The redevelopment of downtown Atlanta’s weedy tangle of parking lots and railbeds known as the Gulch may be closer to reality than ever, but the grand vision for a new central transit terminal there appears to be all but dead. At least for now.
Representatives for the California development team planning a mini-city stretching between MARTA’s Five Points station and Philips Arena said in a public meeting Thursday their plans don’t include a new rail and bus hub. Developer CIM Group, founded by the brother of Atlanta Hawks lead owner Tony Ressler, has crafted a plan for a live-work-play community near the arena, and the land, currently served by two MARTA stations, is one of dozens of sites said to be part of Georgia’s bid for Amazon’s second headquarters.
A spokeswoman for the Georgia Department of Transportation, meanwhile, said her agency’s study of a potential terminal complex found the concept for the Gulch lacks a local owner and operator, funding and shared access to downtown freight rail tracks to make the project possible. If answers to those challenges can be found, she said, “the project would theoretically be able to move forward.”
Boosters touted the Gulch terminal concept for decades for its potential to reinvigorate downtown and provide alternatives to Atlanta’s long commutes. And it remains in the region’s long-term transportation plans.
But prospects for a central terminal blending MARTA rail, future commuter rail and buses in the Gulch appeared to be teetering for years. Though space near the Five Points MARTA station has been identified, permanent funding never was.
The project suffered a significant blow in 2013 when railway Norfolk Southern wrote a letter to state transportation leaders asserting it did not have space on its tracks to spare for commuter rail service.
“In addition to lack of a financial sponsor and a governance plan, shared use of the commercial rail line was a vital component to the Gulch being a successful location for a Multi Modal Passenger Terminal,” GDOT spokeswoman Natalie Dale said in a statement. “Unfortunately, (shared track use) was found not to be an option.”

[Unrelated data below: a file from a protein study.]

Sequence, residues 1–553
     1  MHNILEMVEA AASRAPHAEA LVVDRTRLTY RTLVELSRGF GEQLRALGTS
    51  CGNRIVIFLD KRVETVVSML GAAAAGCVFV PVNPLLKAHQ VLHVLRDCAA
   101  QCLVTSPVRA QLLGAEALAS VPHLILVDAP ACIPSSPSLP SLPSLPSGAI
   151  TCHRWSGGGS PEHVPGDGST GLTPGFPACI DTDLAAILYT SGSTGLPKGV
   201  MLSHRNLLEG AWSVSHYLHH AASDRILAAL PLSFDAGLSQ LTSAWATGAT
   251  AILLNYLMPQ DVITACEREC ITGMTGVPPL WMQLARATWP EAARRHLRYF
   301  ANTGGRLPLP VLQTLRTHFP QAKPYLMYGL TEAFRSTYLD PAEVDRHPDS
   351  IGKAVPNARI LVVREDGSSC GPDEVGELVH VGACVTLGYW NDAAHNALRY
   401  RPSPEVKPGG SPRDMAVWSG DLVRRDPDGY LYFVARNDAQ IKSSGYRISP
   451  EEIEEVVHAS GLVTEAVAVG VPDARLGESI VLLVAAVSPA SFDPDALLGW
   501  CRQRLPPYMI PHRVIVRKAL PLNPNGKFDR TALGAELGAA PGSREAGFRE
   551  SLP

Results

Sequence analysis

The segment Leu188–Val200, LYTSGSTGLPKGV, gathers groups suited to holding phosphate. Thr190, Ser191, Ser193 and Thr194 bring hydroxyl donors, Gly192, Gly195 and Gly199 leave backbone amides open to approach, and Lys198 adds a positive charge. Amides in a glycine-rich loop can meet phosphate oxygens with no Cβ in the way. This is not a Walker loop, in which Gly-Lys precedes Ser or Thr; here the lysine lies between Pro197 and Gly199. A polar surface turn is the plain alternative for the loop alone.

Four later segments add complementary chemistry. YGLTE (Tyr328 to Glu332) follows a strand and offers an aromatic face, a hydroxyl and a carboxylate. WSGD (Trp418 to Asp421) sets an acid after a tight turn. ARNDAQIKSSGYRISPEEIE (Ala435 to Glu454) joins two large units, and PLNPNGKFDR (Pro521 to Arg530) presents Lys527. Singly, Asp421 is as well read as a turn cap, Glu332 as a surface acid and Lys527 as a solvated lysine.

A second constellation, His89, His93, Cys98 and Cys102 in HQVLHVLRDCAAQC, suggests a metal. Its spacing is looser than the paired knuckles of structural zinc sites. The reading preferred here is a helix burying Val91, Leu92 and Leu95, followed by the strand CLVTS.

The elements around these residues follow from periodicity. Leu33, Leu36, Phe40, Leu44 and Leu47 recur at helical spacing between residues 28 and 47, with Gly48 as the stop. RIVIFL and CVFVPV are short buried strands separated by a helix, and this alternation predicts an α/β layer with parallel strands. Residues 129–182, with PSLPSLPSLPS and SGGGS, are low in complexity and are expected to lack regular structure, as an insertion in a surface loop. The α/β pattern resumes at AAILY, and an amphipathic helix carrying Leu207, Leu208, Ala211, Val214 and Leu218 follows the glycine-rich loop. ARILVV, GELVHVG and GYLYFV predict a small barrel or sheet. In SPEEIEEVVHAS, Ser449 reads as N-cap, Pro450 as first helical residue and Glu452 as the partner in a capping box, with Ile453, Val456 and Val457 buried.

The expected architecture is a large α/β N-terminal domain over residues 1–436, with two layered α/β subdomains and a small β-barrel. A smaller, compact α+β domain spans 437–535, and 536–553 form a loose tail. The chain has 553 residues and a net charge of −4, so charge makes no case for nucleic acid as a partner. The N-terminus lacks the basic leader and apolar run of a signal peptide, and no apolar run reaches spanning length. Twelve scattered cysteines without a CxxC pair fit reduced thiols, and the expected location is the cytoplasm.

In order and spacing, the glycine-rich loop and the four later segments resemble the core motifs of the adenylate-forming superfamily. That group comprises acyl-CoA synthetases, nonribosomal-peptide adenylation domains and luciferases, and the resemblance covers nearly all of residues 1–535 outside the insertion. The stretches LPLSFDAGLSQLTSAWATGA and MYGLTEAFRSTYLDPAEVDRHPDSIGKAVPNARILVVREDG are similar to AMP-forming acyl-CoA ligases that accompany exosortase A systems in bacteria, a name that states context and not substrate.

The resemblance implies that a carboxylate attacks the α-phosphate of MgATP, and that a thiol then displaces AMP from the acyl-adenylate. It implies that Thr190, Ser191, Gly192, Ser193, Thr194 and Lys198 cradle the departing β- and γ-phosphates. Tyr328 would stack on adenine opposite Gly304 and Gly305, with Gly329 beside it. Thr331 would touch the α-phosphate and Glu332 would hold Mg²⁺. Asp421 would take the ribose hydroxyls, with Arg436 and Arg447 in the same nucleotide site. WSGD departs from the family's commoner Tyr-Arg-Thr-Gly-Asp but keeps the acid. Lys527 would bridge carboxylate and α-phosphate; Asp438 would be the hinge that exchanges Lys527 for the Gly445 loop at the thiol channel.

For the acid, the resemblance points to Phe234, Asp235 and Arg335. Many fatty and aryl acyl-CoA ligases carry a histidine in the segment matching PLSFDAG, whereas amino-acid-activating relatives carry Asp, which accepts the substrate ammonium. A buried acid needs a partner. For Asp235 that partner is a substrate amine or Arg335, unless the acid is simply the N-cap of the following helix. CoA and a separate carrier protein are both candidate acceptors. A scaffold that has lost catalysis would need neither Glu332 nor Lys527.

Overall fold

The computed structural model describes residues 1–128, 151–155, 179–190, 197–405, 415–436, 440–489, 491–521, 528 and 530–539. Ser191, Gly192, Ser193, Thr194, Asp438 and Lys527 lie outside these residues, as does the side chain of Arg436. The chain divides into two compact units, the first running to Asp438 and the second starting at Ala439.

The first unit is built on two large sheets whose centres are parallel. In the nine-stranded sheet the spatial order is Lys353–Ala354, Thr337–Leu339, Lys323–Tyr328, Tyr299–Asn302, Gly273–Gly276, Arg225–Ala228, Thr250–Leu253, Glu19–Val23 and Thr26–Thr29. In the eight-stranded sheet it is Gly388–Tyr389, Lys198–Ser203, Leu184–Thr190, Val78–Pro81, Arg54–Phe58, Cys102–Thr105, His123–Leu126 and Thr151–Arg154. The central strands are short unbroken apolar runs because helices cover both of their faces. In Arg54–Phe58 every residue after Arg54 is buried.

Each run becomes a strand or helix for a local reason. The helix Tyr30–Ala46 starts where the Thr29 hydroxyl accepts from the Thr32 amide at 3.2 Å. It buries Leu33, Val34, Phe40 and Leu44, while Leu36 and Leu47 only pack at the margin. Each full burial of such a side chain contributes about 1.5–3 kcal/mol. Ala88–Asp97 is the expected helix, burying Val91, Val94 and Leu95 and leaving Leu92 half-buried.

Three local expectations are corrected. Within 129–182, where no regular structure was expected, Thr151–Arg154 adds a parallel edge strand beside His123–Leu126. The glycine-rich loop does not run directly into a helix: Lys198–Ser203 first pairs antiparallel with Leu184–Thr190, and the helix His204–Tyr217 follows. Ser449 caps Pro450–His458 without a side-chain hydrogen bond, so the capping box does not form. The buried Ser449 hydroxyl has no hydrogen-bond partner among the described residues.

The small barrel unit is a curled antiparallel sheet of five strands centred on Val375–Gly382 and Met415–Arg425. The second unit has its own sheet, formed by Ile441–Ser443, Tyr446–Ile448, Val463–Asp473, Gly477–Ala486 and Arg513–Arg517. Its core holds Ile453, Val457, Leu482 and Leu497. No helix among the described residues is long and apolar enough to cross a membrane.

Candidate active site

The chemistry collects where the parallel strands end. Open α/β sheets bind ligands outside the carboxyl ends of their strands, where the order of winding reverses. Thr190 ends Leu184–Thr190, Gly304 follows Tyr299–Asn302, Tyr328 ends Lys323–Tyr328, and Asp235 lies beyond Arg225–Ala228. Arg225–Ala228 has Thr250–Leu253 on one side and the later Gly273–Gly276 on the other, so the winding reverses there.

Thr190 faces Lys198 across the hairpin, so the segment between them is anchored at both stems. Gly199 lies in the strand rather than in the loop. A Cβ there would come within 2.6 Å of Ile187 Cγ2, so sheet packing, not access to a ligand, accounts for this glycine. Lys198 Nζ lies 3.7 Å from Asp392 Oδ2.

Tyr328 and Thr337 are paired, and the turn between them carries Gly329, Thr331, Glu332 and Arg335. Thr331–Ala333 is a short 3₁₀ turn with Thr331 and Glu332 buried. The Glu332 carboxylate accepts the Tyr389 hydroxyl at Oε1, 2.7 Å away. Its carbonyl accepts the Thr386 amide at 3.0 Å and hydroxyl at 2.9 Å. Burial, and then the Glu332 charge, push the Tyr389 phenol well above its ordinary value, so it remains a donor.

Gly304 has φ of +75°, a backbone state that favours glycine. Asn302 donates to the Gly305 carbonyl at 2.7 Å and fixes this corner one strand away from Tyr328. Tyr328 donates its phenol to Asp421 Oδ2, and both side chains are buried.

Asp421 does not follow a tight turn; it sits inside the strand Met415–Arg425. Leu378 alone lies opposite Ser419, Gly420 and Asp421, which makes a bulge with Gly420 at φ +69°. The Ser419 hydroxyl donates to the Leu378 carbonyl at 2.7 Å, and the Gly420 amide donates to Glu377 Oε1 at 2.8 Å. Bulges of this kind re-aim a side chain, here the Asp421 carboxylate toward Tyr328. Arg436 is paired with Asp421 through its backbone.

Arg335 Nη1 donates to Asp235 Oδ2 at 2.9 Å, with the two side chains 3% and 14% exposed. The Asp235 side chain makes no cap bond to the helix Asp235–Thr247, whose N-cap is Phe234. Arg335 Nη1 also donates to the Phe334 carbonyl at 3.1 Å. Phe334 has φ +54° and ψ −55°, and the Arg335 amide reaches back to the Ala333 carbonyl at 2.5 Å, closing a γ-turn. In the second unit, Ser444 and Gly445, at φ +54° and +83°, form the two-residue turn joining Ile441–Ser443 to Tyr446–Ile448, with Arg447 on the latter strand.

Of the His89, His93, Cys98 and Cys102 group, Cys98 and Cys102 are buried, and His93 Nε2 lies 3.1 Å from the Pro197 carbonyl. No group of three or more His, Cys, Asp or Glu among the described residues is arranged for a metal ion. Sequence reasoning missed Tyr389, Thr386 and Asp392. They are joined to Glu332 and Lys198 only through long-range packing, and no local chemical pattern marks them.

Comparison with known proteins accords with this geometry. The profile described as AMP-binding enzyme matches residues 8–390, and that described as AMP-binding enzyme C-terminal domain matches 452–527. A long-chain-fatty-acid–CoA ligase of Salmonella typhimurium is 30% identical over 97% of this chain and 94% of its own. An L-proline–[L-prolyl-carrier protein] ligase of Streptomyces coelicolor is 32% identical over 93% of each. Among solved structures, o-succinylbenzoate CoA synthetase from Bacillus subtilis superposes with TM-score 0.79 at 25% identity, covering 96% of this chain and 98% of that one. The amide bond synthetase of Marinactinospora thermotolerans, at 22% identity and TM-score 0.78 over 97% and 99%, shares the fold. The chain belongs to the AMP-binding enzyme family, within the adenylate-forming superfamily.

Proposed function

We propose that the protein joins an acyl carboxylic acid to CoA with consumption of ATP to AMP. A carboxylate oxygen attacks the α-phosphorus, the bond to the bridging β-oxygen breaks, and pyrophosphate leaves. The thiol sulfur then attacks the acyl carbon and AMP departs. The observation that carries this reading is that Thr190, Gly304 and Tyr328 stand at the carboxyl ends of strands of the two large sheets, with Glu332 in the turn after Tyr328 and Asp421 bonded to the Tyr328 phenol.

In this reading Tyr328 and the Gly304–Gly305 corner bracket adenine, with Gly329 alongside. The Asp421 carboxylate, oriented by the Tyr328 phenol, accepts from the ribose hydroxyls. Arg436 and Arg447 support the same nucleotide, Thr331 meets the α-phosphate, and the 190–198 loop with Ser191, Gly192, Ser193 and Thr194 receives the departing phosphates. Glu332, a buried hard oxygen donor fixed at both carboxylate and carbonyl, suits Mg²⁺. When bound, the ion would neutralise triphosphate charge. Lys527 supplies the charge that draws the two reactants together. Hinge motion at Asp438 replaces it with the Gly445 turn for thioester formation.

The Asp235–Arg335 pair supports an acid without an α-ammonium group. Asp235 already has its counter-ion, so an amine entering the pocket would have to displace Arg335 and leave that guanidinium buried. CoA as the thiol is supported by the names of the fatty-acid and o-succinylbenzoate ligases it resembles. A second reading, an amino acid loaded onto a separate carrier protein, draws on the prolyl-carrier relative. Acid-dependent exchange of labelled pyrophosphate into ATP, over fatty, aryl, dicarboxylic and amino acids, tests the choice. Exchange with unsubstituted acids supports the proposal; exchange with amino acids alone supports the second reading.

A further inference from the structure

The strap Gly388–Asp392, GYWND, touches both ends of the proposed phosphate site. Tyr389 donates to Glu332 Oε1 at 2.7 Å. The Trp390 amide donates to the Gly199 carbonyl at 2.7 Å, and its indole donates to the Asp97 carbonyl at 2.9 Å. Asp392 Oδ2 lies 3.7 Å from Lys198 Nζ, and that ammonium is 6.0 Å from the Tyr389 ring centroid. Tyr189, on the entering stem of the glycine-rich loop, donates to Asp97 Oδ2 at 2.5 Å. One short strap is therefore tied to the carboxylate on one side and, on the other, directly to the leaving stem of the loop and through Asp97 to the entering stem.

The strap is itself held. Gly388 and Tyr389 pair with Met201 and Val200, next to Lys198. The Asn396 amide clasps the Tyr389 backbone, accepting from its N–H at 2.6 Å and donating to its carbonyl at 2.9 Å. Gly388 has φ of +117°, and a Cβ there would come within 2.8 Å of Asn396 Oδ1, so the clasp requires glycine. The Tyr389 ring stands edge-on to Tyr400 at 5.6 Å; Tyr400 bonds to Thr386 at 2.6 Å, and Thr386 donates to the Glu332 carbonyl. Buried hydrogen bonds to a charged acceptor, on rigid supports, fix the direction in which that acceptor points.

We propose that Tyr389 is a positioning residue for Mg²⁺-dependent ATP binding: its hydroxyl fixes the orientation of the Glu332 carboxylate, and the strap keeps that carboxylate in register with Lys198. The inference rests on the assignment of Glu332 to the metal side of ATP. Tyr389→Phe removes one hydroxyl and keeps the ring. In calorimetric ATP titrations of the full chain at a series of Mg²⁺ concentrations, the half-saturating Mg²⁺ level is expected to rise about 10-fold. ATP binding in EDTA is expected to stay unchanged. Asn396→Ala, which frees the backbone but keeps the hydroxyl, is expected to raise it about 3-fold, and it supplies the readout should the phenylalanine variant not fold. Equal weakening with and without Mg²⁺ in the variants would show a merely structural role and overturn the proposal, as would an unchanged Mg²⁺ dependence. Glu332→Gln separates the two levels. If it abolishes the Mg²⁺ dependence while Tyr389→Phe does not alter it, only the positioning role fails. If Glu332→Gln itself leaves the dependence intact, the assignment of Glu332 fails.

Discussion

Asked if any discussions regarding those challenges were ongoing, Dale said GDOT ended its role as the lead agency on the development plan in 2014.
MARTA Chairman Robbie Ashe, meanwhile, said the terminal isn’t part of his agency’s active future plans, though MARTA is negotiating for track usage rights in Clayton County for future rail there.
GDOT said it continues to support a multi-modal terminal concept in metro Atlanta, and a terminal “could be a successful addition to public transit options in several other locations throughout the metro area.”
Lee Biola, president for Citizens for Progressive Transit, said the Gulch terminal never had concrete funds, but it would be a mistake not to plan for a future station.
“We do think preserving the rail capacity and the option to have a terminal is a reasonable investment for everyone involved, even the developers, to get the most value out of the property,” Biola said. “Leaving the option open creates opportunities for themselves and the city.”
State Sen. Brandon Beach, R-Alpharetta, who chairs the Senate’s transportation committee, said GDOT has also told him the project is not viable without funding. But the Gulch is not the only option.
“A lot of people think Doraville is actually a better location,” he said. “We had just been working on the Gulch for so long. Some of the conceptual drawings were just phenomenal.”